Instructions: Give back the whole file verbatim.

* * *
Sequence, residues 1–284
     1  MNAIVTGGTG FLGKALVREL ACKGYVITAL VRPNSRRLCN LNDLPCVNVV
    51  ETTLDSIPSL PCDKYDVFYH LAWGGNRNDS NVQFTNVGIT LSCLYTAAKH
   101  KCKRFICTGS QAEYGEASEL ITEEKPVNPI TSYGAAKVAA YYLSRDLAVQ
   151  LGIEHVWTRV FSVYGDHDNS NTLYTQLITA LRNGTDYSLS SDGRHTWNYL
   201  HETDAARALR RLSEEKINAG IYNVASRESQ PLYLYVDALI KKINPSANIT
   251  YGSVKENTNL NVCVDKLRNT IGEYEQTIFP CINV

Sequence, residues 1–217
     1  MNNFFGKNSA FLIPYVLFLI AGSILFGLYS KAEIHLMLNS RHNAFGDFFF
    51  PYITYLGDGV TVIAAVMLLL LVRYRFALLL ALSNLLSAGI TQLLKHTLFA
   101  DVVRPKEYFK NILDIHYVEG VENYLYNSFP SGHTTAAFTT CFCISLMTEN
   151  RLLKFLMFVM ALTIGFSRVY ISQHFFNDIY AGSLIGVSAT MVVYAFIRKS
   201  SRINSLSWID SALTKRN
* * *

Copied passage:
Sequence, residues 1–284
     1  MNAIVTGGTG FLGKALVREL ACKGYVITAL VRPNSRRLCN LNDLPCVNVV
    51  ETTLDSIPSL PCDKYDVFYH LAWGGNRNDS NVQFTNVGIT LSCLYTAAKH
   101  KCKRFICTGS QAEYGEASEL ITEEKPVNPI TSYGAAKVAA YYLSRDLAVQ
   151  LGIEHVWTRV FSVYGDHDNS NTLYTQLITA LRNGTDYSLS SDGRHTWNYL
   201  HETDAARALR RLSEEKINAG IYNVASRESQ PLYLYVDALI KKINPSANIT
   251  YGSVKENTNL NVCVDKLRNT IGEYEQTIFP CINV

Sequence, residues 1–217
     1  MNNFFGKNSA FLIPYVLFLI AGSILFGLYS KAEIHLMLNS RHNAFGDFFF
    51  PYITYLGDGV TVIAAVMLLL LVRYRFALLL ALSNLLSAGI TQLLKHTLFA
   101  DVVRPKEYFK NILDIHYVEG VENYLYNSFP SGHTTAAFTT CFCISLMTEN
   151  RLLKFLMFVM ALTIGFSRVY ISQHFFNDIY AGSLIGVSAT MVVYAFIRKS
   201  SRINSLSWID SALTKRN